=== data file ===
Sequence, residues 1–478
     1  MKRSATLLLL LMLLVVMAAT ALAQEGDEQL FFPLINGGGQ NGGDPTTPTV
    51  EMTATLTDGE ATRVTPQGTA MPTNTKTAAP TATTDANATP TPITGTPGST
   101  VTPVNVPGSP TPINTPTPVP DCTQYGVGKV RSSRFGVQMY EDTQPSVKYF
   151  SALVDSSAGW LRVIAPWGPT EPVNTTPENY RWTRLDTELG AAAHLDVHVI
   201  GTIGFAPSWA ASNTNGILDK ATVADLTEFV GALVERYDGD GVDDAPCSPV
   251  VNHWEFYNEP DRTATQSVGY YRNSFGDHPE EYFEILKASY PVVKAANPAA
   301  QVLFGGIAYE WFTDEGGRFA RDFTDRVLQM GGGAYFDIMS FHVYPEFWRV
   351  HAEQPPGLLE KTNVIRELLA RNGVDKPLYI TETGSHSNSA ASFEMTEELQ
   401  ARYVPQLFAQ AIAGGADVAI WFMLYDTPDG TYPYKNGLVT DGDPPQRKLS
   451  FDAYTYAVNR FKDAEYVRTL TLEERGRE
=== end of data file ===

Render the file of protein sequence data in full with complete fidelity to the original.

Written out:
Sequence, residues 1–478
     1  MKRSATLLLL LMLLVVMAAT ALAQEGDEQL FFPLINGGGQ NGGDPTTPTV
    51  EMTATLTDGE ATRVTPQGTA MPTNTKTAAP TATTDANATP TPITGTPGST
   101  VTPVNVPGSP TPINTPTPVP DCTQYGVGKV RSSRFGVQMY EDTQPSVKYF
   151  SALVDSSAGW LRVIAPWGPT EPVNTTPENY RWTRLDTELG AAAHLDVHVI
   201  GTIGFAPSWA ASNTNGILDK ATVADLTEFV GALVERYDGD GVDDAPCSPV
   251  VNHWEFYNEP DRTATQSVGY YRNSFGDHPE EYFEILKASY PVVKAANPAA
   301  QVLFGGIAYE WFTDEGGRFA RDFTDRVLQM GGGAYFDIMS FHVYPEFWRV
   351  HAEQPPGLLE KTNVIRELLA RNGVDKPLYI TETGSHSNSA ASFEMTEELQ
   401  ARYVPQLFAQ AIAGGADVAI WFMLYDTPDG TYPYKNGLVT DGDPPQRKLS
   451  FDAYTYAVNR FKDAEYVRTL TLEERGRE